Ageing and loneliness : the role of mobility and the built environment
ArticleBerg, van den, P.E.W., Kemperman, A.D.A.M., de Kleijn, B. & Borgers, A.W.J. (2016). Ageing and loneliness : the role of mobility and the built environment. Travel Behaviour and Society, 5, 48-55. In Scopus Cited 2 times.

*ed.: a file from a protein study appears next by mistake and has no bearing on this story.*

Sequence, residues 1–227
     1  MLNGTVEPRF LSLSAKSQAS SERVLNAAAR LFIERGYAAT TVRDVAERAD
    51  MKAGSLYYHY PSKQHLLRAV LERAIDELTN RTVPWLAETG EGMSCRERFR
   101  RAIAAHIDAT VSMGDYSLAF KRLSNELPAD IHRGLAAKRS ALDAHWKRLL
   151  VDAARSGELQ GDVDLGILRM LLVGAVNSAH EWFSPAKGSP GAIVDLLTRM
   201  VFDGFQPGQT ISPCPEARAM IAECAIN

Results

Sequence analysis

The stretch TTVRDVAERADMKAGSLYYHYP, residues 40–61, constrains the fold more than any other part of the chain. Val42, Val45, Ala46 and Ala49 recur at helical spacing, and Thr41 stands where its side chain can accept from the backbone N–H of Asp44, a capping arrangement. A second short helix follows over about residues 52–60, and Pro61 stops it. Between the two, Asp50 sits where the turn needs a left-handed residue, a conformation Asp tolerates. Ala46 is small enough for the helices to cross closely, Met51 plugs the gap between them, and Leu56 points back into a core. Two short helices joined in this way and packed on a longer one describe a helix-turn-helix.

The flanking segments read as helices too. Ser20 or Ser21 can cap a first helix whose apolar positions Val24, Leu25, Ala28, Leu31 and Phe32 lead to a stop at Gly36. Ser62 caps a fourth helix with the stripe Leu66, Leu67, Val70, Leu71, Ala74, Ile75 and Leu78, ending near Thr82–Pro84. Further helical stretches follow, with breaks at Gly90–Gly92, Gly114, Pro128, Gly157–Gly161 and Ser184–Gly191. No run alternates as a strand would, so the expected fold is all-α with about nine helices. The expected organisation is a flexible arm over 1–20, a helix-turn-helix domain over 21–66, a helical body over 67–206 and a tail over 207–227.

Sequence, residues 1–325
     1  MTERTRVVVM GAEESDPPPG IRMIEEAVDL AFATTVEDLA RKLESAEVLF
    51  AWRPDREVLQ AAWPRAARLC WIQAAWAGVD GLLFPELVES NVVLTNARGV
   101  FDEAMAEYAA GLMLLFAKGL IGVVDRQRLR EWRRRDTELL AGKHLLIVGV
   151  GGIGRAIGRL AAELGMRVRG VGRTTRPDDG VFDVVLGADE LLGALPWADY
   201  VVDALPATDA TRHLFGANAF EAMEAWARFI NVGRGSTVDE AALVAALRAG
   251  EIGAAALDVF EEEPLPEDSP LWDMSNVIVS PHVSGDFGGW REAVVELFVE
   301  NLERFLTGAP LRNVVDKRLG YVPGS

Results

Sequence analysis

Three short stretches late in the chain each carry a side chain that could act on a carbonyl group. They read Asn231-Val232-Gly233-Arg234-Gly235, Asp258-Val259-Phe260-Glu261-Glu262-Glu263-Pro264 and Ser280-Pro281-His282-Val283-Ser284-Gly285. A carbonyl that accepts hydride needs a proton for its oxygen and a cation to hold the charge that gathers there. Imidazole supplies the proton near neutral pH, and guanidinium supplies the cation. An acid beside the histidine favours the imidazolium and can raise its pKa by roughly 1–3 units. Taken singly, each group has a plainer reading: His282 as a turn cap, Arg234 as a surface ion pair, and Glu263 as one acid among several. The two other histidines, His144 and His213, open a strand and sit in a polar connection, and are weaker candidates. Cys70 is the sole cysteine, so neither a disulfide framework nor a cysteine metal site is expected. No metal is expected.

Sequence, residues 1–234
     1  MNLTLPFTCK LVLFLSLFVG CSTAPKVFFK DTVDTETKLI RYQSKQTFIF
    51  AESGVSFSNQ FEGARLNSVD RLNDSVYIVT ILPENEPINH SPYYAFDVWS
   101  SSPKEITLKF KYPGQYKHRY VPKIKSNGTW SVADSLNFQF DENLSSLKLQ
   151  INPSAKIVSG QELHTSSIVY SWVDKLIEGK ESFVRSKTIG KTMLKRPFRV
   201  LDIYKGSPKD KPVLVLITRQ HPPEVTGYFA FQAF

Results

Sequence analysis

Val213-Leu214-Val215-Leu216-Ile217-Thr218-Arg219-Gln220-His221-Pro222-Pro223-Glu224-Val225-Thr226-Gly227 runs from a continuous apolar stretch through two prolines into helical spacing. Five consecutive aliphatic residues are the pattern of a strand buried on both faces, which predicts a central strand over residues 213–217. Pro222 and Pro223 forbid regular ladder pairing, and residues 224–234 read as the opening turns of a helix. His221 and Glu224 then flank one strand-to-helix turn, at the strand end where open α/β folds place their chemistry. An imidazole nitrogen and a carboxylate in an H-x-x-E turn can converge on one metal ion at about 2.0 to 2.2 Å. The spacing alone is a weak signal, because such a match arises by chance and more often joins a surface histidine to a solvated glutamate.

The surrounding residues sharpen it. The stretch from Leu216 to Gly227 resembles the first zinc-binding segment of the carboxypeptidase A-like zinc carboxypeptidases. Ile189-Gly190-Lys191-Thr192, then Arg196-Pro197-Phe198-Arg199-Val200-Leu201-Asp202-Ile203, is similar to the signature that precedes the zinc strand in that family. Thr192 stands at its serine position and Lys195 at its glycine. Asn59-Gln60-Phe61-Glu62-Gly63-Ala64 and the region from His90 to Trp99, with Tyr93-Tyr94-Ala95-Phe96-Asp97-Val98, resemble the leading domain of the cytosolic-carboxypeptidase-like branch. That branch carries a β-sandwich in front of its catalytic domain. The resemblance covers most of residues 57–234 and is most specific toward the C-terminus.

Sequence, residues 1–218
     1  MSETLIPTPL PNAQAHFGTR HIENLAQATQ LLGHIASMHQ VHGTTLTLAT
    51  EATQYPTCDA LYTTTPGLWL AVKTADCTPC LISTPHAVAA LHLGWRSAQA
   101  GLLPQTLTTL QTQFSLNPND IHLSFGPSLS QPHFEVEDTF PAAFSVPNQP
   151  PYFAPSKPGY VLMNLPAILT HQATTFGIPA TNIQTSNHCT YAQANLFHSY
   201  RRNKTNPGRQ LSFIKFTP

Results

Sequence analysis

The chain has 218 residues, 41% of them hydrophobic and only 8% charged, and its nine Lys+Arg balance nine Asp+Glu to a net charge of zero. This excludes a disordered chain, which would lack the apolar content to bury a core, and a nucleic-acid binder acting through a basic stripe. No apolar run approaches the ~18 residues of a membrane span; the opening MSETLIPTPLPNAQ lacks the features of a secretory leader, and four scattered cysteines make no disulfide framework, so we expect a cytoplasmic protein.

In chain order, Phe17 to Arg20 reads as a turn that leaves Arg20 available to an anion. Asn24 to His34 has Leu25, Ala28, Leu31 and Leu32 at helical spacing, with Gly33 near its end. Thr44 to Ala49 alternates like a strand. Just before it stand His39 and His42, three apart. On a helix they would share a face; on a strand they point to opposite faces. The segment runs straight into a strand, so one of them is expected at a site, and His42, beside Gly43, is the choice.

The ageing of the population raises questions regarding the quality of life of future generations. This article focuses specifically on feelings of loneliness as an important aspect of quality of life in relation with mobility aspects and built environmental characteristics. Based on data collected in the southeast of the Netherlands among 344 respondents in 2014 four ordered logit models were estimated to explain the extent to which people feel lonely or socially isolated. The explanatory variables in the models are age; other personal and household characteristics; characteristics of the built environment and mobility aspects. The results indicate that, although age has little explanatory power, older people are likely to feel lonelier. Other personal and household characteristics, such as household composition, education, health status, being a volunteer and the number of social interactions are found to have more explanatory power. Characteristics of the built environment also explain a substantial part of variance in loneliness. Significant effects are found for living in an apartment, length of residence in the neighbourhood and satisfaction with the neighbourhood and its facilities. Finally, we find that the use of different transport modes (bicycle, car and public transport) significantly reduces loneliness.